The markup was originally scheduled at noon, but the subcommittee chairwoman, Cynthia Lummis (R-WY), did not convene the hearing until ~12:10pm. Representative Alan Grayson (D-FL) surprisingly started the “parliamentary game” then, interrupting the chairwoman’s opening remarks by requesting a recorded vote to change the official start time in the subcommittee records. His point of order was ultimately tabled by vote but it signaled Democrats’ strong opposition to the bill.
In her opening statement, Lummis stated that, “the draft bill provides a $250 million increase in funding for basic research. The bill provides deficit reduction by making cuts to outdated, wasteful and duplicative programs within DOE’s Office of Energy Efficiency and Renewable Energy.” The main point, as Republicans hold for the previous FIRST Act of 2014, is to use money wisely, provided the limited resources.
In response, the Ranking Member Eric Swalwell (D-CA) conveyed two central problems with this “premature” markup in his opening statement. The first relates to process: the bill was not shared with Democratic members of the Subcommittee until the last Friday before the markup. Given that this 103-page bill proposes to reauthorize all of DOE’s research and development programs, Mr. Swalwell said, “that means we’re being asked to make tough decisions about how to allocate billions of taxpayers’ dollars after having less than three business days to consider the bill.”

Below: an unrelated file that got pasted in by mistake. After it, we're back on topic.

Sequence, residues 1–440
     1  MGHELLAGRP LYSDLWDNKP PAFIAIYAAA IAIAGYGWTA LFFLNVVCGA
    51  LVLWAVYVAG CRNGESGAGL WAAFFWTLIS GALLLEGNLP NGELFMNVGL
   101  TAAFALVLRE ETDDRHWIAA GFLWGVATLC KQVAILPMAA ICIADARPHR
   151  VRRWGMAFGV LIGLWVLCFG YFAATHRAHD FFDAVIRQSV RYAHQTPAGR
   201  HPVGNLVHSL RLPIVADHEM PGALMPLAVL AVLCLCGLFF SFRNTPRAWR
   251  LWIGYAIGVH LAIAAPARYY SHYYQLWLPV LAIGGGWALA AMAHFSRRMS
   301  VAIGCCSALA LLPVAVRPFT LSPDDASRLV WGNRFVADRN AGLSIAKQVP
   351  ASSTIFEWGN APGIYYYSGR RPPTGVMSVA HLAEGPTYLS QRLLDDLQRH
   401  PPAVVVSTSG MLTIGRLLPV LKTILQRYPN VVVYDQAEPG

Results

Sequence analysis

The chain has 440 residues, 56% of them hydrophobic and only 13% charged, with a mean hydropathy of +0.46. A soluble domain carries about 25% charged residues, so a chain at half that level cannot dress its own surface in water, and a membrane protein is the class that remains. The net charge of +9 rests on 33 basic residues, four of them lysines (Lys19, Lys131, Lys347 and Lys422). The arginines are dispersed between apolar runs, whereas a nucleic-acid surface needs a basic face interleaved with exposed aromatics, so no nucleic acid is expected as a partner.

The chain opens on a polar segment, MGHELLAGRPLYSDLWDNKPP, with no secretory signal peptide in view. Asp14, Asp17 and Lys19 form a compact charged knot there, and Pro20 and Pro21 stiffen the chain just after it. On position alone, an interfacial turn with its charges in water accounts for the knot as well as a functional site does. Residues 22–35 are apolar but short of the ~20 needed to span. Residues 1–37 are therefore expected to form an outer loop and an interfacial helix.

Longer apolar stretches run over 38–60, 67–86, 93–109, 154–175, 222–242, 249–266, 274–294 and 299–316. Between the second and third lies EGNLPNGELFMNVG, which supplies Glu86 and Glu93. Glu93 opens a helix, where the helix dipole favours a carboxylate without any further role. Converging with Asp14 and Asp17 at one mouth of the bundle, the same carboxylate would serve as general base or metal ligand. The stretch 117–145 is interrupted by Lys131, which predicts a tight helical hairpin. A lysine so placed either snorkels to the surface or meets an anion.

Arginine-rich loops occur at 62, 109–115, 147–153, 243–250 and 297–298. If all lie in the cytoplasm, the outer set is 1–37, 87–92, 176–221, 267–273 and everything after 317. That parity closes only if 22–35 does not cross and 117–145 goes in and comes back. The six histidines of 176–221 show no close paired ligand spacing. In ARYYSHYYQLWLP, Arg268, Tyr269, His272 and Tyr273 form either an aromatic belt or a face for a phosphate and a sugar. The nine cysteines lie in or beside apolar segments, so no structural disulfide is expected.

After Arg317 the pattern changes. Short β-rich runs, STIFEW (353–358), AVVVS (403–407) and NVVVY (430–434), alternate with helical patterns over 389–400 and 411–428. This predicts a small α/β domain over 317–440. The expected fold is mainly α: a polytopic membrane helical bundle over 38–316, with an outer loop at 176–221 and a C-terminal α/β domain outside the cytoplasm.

Mr. Swalwell then pointed out the second problem the minority has with the bill. The budget for Energy Efficiency and Renewable Energy (EERE) is substantially cut; ARPA-E funding is largely reduced; and the bill includes burdensome limitations on what research DOE can fund. In addition, it includes particularly objectionable language that bars the results of DOE-funded R&D activity from being, “used for regulatory assessments or determinations by Federal regulatory authorities.” Specifically, this language is meant to keep the Environmental Protection Agency (EPA) from using research data to support their operations and any environmental regulations. Of interest to computing researchers, the bill does include increased authorizations for the Advanced Scientific Computing Research activity, ramping the authorization for the program up to $600 million in FY 2015, $59 million more than the President requested.
After hearing the opening remarks from both sides, Ranking Member of the Full Committee, Eddie Bernice Johnson (D-TX) also gave a brief comment on the markup that day. She criticized how dysfunctional the committee has become, and strongly opposed the consideration and passage of the bill.
The markup ended awkwardly. After the opening remarks, the bill is then read into the record, a procedural process which is usually dispensed with under unanimous consent. However, in this instance the Democrats used it to their advantage: they withheld their consent and required that the bill be read, in full, into the record. As this would have tied up the subcommittee for hours, the Republicans instead adjourned the meeting.